Eugene is an extraordinary talent in classic guitar, but he dreams of being a famous Blues guitarist. So he investigates to find a storied lost song. He asks the legendary Blues musician Willie Brown to help him, but Willie demands to free him from the old-people's prison first and to really learn the blues on the way to its origin: Mississippi Delta. Eugene doesn't know yet about Willie's deal with the devil, that he now wants to revoke.Written by
Tom Zoerner <Tom.Zoerner@informatik.uni-erlangen.de>
Steve Vai used some riffs from the climactic duel as the basis for the song "Bad Horsie", which can be found on his album "Alien Love Secrets", released in 1995. See more »
At the beginning, the nurse gives Hoff memprogromade, a drug that does not exist. See more »
Is somebody saying he ain't been believing when I've been speaking?
That's right, Willie, I'm saying you're full of shit! You know something, everytime you mention Fulton's Point, nobody's ever even heard of the godamned place! And I'm starting to think you're just a con-man who used me just to get your ass out of a nursing home!
[Willie and Eugene start to walk away from each other on opposite sides of the road]
Where are you going?
Look, you smart-assed kids, you don't need me! I do my ...
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I've seen CROSSROADS so many times I've lost count. And, it won't be the last time I'll watch it. The music alone would be reason enough. But, this film is far deeper. And no amount of exposition about it could ever *SPOIL* it for the virgin-viewer who has never seen it.
Eugene Martone, considered a prodigy on the classical guitar, is a young Long Island man attending the prestigious Julliard Music School. Problem? He prefers the blues over classical. And he's on a quest. He uncovers evidence that blues guitar legend, Robert Johnson, composed 30 songs. Since only 29 were ever recorded, he becomes obsessed at finding the 'lost' song number 30 (and being the first person to record it). And, after some sleuthing, he finds an old photograph and a news clipping -- pointing him toward the only living person who would know that song and who, fortunately, lives nearby. His name is Willie Brown (aka Blind Dog Fulton, aka Smokehouse Brown), a friend of Robert Johnson who traveled and performed with him (harmonica/vocals). Brown lives in a penal facility for old people (a criminal's nursing home). At first, Brown denies his true identity. But confronted with a photo of himself next to Robert Johnson, Brown finally admits the truth. And, he agrees to teach Martone the lost song -- but ONLY if Martone breaks him out of the facility and takes him back to Mississippi.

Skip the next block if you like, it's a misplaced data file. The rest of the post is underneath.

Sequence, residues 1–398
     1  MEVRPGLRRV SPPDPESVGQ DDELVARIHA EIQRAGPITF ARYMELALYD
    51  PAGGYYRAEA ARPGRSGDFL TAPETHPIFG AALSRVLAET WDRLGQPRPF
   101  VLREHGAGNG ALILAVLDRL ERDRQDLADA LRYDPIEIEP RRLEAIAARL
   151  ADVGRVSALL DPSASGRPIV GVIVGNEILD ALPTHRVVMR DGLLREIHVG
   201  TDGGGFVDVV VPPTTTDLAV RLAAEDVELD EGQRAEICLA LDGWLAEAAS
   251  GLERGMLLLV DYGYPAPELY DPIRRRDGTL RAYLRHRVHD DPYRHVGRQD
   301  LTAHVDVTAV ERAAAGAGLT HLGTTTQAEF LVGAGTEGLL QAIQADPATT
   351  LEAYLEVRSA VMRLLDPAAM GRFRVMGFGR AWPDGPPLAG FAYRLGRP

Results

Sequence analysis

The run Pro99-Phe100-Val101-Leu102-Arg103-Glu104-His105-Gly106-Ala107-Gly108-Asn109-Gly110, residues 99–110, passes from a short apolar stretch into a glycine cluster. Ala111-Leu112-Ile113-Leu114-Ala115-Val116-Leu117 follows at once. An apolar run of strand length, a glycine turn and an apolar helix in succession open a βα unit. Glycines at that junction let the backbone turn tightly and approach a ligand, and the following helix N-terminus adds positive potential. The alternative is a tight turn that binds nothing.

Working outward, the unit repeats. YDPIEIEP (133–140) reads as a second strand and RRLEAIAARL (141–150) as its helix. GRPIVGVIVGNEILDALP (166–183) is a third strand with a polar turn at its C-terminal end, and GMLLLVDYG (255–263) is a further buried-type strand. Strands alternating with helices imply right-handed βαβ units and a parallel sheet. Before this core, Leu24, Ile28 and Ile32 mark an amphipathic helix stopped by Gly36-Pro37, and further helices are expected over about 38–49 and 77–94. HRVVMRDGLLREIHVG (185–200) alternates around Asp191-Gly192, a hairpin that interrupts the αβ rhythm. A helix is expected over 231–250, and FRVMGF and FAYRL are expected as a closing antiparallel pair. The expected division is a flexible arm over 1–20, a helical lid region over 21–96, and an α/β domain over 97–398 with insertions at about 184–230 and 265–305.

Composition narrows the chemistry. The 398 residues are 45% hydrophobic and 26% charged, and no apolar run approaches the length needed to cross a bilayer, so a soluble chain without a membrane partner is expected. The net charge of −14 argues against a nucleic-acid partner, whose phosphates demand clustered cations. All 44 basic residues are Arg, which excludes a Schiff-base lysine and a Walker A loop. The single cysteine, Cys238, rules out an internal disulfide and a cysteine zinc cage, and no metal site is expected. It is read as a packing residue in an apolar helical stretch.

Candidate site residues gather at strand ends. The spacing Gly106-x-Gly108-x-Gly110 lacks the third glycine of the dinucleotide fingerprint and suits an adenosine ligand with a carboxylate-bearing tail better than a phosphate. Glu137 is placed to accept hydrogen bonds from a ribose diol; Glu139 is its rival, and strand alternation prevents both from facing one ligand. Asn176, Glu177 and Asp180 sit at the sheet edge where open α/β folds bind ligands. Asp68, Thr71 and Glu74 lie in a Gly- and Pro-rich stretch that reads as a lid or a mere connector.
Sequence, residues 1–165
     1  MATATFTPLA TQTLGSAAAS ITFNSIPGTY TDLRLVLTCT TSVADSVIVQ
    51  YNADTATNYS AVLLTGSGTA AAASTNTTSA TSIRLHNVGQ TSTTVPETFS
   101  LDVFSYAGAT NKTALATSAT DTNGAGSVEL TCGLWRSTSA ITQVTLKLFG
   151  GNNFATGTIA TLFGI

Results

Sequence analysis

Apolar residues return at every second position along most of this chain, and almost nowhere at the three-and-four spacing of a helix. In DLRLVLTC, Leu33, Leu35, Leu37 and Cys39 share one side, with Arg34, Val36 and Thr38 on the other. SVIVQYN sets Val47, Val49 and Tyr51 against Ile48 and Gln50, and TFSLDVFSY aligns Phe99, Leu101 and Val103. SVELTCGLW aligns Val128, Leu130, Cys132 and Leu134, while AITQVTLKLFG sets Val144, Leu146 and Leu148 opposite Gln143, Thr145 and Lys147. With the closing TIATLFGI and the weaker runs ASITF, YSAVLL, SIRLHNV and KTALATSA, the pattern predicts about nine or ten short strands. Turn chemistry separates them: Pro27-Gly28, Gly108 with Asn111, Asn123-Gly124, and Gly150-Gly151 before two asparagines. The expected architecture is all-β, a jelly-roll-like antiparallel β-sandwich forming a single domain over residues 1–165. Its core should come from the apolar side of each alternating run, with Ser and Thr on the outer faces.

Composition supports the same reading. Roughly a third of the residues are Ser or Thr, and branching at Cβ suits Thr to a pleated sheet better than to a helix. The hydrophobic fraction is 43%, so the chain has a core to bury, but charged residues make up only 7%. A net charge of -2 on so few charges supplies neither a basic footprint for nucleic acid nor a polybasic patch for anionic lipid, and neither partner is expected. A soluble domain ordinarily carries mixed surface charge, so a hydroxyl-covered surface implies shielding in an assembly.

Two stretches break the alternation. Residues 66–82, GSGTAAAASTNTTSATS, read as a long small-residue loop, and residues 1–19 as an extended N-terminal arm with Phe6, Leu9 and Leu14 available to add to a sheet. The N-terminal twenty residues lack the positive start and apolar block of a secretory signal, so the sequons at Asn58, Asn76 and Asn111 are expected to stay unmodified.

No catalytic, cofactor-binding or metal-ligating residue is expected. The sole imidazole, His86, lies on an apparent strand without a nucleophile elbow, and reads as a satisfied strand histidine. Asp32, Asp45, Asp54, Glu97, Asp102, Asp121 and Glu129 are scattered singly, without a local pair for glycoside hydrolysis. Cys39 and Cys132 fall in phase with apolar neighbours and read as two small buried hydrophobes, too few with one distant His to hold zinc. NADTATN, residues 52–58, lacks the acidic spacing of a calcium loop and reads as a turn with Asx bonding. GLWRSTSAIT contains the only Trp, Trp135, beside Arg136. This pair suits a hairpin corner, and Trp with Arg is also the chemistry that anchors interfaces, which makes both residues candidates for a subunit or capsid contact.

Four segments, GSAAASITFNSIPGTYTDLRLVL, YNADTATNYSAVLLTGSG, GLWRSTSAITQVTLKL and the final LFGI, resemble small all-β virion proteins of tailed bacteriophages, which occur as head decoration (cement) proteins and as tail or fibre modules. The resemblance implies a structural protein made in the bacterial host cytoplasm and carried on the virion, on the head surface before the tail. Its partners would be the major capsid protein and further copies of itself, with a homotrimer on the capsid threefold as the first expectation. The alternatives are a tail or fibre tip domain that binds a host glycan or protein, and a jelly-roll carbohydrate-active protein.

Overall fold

The catch? Martone knows that lore surrounding Robert Johnson says he sold his soul to the Devil. What he doesn't know is that it's fact, not lore ... and that Willie Brown did the same thing. And Martone doesn't know that Brown's reason for going back to Mississippi is to return to the 'crossroads' where he and Johnson sold their souls in hopes of getting the Devil to release him from his contract. This culminates in an eerie finale where Martone gambles his soul in a blues duel with the Devil's own guitarist, Jack Butler ... to save Brown from eternal damnation.
Director Walter Hill is masterful, combining music, drama, alternate history, fantasy, and horror into a single plot. Kudos must also be given to screenwriter John Fusco for giving Hill a masterful script to work from. But contrary to most people, my favorite scene isn't the blues duel. It's the scene where Martone wakes up to find out a girl he met in his travels with Brown (and had a romantic interest in) has unexpectedly left them to go her own way. And immediately after that, Brown admits he lied... that there never was a song number 30. At that moment, Martone, who'd been merely a good blues 'player' up to that point picks up his guitar and begins to play a sad blues song ... one certainly coming from his soul, not from his memory of what others have played. It is that momentary 'graduation' scene (the transition between blues 'player' and blues 'man') that sets the stage for the duel ... with film watchers knowing Martone is as ready for it as he can be.
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